(ii) SA Tourism provides a Corporate Identity Manual to guide the SA Tourism brand and images to be used. SA Tourism has further included this in the pending performance agreements with the Provinces.

(b) Department of Tourism to:

(i) - (ii) Not applicable, the destination marketing mandate is with South Africa Tourism.

25 August 2017 - NW2237

Profile picture: Vos, Mr J

Vos, Mr J to ask the Minister of Tourism

(a) What were the reasons for her visit to Chicago in the United States of America in July 2017, (b) who did she engage with regarding tourism in South Africa, (c) what were the outcomes of such engagements, (d) what was the total cost of her trip and (e) who was part of the delegation?

Reply:

a) What were the reasons for her visit to Chicago in the United States of America in July 2017?

The Minister was invited by the Rainbow Push Coalition to attend the 46th Annual International Convention. The South African Consulate General in Chicago supported the invitation and believed that the visit would present the opportunity to show case South Africa as a country that respects, upholds the rights of its citizens, promote a thriving tourism destination and present business opportunities. The Minister also used the opportunity to engage with trade, media and other tourism stakeholders as part of the ongoing promotion of South Africa to the United States market.

b) Who did the Minister engage with regarding tourism in South Africa?

The following engagements were planned by SA Tourism for the Minister to participate in:

CHICAGO

  • An SA Tourism Luncheon/Round Table themed “Tourism Development and Growth in South Africa”, touching also on “Women in Tourism” in partnership with SAA.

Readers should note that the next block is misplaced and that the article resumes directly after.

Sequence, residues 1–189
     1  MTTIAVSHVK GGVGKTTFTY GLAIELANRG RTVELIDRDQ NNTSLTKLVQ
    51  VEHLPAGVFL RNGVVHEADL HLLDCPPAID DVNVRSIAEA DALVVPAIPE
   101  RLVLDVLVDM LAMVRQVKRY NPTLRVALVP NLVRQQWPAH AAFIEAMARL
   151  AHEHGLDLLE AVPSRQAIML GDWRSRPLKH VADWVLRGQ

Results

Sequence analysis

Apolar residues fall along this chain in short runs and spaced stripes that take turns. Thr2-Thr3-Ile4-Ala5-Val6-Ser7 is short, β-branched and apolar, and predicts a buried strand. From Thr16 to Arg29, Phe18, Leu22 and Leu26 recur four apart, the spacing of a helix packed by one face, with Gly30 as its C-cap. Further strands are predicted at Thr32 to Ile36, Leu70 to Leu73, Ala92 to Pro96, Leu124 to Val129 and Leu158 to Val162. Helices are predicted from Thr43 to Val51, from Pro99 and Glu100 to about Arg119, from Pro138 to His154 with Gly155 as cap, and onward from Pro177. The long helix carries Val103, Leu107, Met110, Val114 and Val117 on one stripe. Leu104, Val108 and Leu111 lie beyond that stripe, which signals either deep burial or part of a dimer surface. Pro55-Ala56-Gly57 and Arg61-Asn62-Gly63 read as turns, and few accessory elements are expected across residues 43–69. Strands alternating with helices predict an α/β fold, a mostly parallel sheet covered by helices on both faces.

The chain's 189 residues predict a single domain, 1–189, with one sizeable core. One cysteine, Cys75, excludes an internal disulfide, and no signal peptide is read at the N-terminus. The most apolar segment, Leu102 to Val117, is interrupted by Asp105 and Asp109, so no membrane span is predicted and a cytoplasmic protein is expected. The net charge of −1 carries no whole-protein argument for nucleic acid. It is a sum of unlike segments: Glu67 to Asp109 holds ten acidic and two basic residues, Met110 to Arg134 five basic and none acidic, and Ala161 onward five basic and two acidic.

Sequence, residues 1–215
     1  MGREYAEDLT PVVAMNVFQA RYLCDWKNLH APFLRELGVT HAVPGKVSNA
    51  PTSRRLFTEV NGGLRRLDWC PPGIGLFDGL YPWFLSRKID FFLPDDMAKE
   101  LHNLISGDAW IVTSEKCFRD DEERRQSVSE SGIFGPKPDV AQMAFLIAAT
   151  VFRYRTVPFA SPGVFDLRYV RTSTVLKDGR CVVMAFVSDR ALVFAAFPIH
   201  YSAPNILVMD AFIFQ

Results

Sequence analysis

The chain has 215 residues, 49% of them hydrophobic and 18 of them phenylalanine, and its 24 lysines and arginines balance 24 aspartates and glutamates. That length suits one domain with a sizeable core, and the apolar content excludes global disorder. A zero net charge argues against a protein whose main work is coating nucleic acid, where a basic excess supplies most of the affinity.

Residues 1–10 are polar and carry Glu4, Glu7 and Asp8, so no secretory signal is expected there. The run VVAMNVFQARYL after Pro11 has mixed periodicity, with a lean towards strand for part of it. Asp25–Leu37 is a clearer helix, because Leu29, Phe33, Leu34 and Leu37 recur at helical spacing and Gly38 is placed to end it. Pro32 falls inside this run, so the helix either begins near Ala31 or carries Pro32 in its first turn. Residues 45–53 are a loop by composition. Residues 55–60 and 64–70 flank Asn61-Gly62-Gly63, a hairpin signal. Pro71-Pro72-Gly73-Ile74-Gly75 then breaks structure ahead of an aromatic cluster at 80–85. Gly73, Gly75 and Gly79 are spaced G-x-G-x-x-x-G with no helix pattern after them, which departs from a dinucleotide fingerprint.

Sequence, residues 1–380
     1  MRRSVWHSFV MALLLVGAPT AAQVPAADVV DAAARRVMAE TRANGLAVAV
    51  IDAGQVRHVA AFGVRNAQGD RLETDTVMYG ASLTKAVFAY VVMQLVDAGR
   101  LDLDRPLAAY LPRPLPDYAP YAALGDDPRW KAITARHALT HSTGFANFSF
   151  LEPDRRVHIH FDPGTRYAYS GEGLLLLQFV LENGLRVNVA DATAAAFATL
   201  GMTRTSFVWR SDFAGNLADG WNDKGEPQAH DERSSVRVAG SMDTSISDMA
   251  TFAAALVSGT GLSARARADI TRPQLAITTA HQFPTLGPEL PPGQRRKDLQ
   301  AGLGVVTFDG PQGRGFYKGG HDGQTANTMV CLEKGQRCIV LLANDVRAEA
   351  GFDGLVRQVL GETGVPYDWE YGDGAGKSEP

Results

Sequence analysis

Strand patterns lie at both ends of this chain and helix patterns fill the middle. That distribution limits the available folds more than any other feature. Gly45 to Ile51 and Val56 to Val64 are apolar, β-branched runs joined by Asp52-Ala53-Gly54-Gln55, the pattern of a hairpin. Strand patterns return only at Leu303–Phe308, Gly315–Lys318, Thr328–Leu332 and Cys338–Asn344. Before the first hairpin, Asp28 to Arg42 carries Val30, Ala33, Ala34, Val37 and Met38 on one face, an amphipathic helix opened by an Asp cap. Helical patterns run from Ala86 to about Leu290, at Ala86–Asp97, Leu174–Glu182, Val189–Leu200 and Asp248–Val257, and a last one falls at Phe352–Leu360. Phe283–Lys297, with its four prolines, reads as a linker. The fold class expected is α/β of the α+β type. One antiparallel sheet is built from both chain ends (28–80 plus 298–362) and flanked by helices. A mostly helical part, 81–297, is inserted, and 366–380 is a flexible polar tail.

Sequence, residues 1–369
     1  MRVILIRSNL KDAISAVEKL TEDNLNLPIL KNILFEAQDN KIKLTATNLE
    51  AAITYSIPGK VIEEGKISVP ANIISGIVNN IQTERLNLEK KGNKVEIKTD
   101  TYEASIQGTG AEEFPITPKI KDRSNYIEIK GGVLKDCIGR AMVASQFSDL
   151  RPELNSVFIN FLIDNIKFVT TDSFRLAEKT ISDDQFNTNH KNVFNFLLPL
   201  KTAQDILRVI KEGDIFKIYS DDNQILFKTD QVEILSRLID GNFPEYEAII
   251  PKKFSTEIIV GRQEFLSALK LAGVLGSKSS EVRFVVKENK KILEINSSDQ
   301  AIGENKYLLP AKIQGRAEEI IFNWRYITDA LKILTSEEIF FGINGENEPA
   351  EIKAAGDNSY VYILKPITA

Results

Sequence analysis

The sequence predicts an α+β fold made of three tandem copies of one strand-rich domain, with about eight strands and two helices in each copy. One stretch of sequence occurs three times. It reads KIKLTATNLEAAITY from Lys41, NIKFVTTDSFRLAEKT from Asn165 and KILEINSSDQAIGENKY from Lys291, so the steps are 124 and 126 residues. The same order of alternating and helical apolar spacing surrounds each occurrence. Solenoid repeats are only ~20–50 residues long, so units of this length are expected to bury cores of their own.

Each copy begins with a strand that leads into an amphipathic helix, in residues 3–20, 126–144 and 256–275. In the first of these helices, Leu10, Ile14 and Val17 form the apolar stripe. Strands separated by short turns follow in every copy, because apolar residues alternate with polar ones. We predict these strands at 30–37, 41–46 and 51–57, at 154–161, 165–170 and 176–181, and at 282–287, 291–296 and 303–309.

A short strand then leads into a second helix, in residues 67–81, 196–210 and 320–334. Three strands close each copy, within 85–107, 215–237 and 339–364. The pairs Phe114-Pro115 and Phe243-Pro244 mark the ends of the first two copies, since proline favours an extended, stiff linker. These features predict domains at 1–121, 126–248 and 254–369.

The following companies were present at the engagements with Minister:

  • Luxury Travel Professional
  • R. Cruscoe Travel
  • Creative Incentives
  • South African Airways
  • WVON Radio
  • News Anchor ABC7 News
  • Advantage International Tours
  • iHeart Media Radio
  • Landmark Incentive
  • Nat Geographic
  • SDI Incentive Market
  • Media Interviewed BY WVON Radio on tourism development in the country (RSA) and opportunities for travel repeaters to South Africa from the US market.
  • Panel Discussion with Minister Tokozile Xasa and Minister Ayanda Dlodlo, Minister of Communications, COO Sthe Dlamini South African Tourism, and Mr Mudunwazi Baloyi, Brand South Africa US. The topic for discussion was “The Role of Communications and Tourism in the Developmental Agenda of South Africa”
  • A reception hosted by the South African Consul General in Chicago, Ms Vuyiswa Tulelo, was also held in honour of the Ministers at the SA Consulate with broader trade in attendance.
  • Chicago Sister Cities interaction with Mr Leroy Allala to discuss:
  • Harbour Development
  • Cruise Tourism
  • Culture and Heritage
  • Aqua Culture
  • Possible Exchange Programmes
  • Leveraging on events such as the Essence Festival

MIAMI

Meeting with Key Trade Partners and SAA to discuss “Tourism Development and Growth in SA” as well as “Women in Tourism”.

The following trade partners were present:

      • South African Airways
      • Post Haste Travel
      • Karell Enterprises. Inc
      • The Africa Adventure Company

c) What were the outcomes of such engagements?

The key outcomes of the engagements were as follows:

  • The need was identified to cater for call-in queries from tour operators in the market so they can access information;
  • The potential of the MICE Sector, particularly the Incentives Market was identified. This sector is huge in the US, including Chicago and the Mid-West, a low hanging fruit for South Africa to explore